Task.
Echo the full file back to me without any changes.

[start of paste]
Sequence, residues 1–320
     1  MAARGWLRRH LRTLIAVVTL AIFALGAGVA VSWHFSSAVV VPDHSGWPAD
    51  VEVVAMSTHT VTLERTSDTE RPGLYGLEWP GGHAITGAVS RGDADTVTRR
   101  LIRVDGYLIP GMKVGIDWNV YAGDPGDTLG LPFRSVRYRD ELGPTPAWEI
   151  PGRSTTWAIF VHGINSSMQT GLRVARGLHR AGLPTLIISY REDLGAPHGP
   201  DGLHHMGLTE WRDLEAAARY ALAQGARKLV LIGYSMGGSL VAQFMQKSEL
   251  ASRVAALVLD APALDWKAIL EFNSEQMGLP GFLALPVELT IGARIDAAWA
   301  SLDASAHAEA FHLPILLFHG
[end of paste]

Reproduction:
Sequence, residues 1–320
     1  MAARGWLRRH LRTLIAVVTL AIFALGAGVA VSWHFSSAVV VPDHSGWPAD
    51  VEVVAMSTHT VTLERTSDTE RPGLYGLEWP GGHAITGAVS RGDADTVTRR
   101  LIRVDGYLIP GMKVGIDWNV YAGDPGDTLG LPFRSVRYRD ELGPTPAWEI
   151  PGRSTTWAIF VHGINSSMQT GLRVARGLHR AGLPTLIISY REDLGAPHGP
   201  DGLHHMGLTE WRDLEAAARY ALAQGARKLV LIGYSMGGSL VAQFMQKSEL
   251  ASRVAALVLD APALDWKAIL EFNSEQMGLP GFLALPVELT IGARIDAAWA
   301  SLDASAHAEA FHLPILLFHG